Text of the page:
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21st Century Fox exceeded earnings expectations by reporting a quarterly profit of 54 cents on an adjusted basis even though revenue of $7.56 billion was a tad light, and the company on Wednesday shed more light on how much allegations of sexual misconduct at Fox News have cost thus far.
Fox was expected to earn about 48 cents per share in its fiscal third quarter, which would have represented around a 2 percent year-over-year increase. Wall Street was looking for about $7.68 billion in revenue.
Wednesday’s earnings report comes at a precarious time for the conglomerate run by Rupert Murdoch and his sons, as cash-cow Fox News in the past year has lost top executives Roger Ailes and Bill Shine as well as its former No. 1 host, Bill O’Reilly.
In its regulatory filing on Wednesday that laid out its financial performance, the company disclosed that “approximately $10 million and $45 million, respectively, of costs related to settlements of pending and potential litigations” followed the July 2016 resignation of Ailes.
The filing also reveals that the parent company has settled some claims of sexual harassment at Fox News and is contesting other claims in litigation. “To date, none of the amounts paid in settlements or reserved for pending or future claims is, individually or in the aggregate, material to the company,” the filing reads.
Shares of Fox were off 1 percent during the regular session on Wednesday but dipped another 5 percent after the closing bell.
Charges that Ailes and O’Reilly sexually harassed colleagues could also hamper the parent company’s ability to purchase the portion of European satellite TV concern Sky that it already doesn’t own. Executives on a conference call Wednesday to discuss earnings mostly avoided the issue, though.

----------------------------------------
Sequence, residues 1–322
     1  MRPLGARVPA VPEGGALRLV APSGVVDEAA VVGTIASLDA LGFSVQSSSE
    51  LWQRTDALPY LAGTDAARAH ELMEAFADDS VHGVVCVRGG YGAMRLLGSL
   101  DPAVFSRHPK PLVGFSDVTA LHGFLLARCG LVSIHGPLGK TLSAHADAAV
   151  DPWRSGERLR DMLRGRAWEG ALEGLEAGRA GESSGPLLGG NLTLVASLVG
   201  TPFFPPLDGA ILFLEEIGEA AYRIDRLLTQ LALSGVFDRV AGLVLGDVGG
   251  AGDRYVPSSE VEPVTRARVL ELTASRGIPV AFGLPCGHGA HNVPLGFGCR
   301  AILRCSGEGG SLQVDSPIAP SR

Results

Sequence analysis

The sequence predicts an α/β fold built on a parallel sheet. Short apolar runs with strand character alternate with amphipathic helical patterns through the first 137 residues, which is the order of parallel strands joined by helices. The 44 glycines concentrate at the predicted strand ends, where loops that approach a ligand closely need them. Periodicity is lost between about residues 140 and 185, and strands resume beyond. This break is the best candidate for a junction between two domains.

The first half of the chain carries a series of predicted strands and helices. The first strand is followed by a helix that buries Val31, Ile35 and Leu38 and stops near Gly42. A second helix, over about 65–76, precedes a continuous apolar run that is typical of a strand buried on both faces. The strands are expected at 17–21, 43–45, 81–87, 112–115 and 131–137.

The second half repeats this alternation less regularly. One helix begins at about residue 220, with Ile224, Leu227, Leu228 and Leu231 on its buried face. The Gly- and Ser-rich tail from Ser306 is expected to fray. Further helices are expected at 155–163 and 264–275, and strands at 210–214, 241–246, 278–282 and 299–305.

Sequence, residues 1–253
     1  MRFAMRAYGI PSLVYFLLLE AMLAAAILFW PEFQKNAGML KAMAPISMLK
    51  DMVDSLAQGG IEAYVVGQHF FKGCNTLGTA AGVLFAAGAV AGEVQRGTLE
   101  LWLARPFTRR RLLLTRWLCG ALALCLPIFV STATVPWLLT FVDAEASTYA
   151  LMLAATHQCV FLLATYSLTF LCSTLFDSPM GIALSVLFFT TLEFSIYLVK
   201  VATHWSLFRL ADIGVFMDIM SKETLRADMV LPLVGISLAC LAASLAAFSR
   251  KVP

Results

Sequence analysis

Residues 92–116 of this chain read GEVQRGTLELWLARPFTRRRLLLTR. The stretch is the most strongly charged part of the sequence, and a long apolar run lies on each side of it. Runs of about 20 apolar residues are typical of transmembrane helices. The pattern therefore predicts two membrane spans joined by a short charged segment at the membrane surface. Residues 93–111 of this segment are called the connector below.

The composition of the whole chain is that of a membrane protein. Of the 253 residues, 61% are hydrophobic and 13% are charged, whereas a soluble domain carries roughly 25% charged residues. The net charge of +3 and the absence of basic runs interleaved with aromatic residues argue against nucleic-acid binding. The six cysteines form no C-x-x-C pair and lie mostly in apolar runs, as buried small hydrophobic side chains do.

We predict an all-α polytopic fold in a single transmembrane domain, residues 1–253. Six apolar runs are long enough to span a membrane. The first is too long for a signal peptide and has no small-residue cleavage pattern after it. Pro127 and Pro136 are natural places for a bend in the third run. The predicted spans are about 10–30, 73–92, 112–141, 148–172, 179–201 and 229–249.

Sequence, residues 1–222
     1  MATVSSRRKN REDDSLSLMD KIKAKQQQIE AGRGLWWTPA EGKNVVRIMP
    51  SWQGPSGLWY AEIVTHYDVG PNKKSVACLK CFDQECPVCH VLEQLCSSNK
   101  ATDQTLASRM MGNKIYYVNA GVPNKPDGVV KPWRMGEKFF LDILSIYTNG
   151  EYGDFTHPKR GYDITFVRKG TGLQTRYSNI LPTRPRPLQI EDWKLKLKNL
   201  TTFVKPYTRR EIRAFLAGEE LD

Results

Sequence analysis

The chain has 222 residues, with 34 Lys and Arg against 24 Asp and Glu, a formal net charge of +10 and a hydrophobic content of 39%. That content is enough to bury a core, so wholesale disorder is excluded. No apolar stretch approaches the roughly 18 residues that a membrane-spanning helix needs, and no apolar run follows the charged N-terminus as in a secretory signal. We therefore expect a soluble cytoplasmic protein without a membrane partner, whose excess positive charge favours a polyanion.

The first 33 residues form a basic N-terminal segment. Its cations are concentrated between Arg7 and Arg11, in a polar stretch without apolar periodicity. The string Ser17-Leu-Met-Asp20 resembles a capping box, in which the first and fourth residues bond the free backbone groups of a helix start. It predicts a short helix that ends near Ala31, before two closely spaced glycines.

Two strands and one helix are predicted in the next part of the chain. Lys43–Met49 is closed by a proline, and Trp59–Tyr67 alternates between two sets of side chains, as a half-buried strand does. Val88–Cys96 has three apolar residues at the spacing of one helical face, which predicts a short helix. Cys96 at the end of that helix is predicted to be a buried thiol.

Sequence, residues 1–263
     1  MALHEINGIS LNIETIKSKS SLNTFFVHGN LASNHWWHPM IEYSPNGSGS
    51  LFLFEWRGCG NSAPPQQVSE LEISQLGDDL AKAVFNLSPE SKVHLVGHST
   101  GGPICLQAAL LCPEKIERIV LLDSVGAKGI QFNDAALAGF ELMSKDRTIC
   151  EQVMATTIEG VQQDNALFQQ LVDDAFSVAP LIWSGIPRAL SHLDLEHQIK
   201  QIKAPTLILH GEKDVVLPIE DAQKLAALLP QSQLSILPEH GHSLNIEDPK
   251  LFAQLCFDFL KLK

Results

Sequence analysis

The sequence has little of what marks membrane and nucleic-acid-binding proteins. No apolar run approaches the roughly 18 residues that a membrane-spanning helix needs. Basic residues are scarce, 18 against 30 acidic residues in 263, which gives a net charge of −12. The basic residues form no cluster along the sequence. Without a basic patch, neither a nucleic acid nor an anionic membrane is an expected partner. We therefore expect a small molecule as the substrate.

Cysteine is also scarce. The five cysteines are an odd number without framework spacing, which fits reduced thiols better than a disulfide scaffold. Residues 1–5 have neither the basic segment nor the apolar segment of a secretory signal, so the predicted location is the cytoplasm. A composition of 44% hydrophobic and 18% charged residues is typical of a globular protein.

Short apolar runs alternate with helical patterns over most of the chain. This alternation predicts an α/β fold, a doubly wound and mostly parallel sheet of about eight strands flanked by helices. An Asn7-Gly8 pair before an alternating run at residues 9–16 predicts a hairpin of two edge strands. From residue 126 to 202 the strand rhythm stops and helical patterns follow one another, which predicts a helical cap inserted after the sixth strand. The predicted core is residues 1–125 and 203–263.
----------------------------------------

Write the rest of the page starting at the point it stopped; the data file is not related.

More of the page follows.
Amid this backdrop, Fox reported $4 billion in revenue at its cable network programming segment, up 2 percent from a year ago, and $1.7 billion for its television segment, up 31 percent.
Co-executive chairman Lachlan Murdoch told analysts on Wednesday that Fox News has enjoyed 61 straight quarters of leading all cable news in the most important demographics and in primetime.
Advertising and affiliate fee revenue remains strong at Fox News, executives said on Wednesday. In the cable network programming segment, affiliate revenue was up 8 percent, thanks mostly to Fox News, FS1, FX and the regional sports networks.
Filmed entertainment revenue dropped 3 percent to $2.26 billion, mostly because year-ago comparisons included Deadpool in theaters and The Martian in home entertainment.
As for operating income, cable network programming was up a little but filmed entertainment was down, and television led the way with 52 percent growth to $190 million, mostly due to ad sales for the broadcast of Super Bowl LI.
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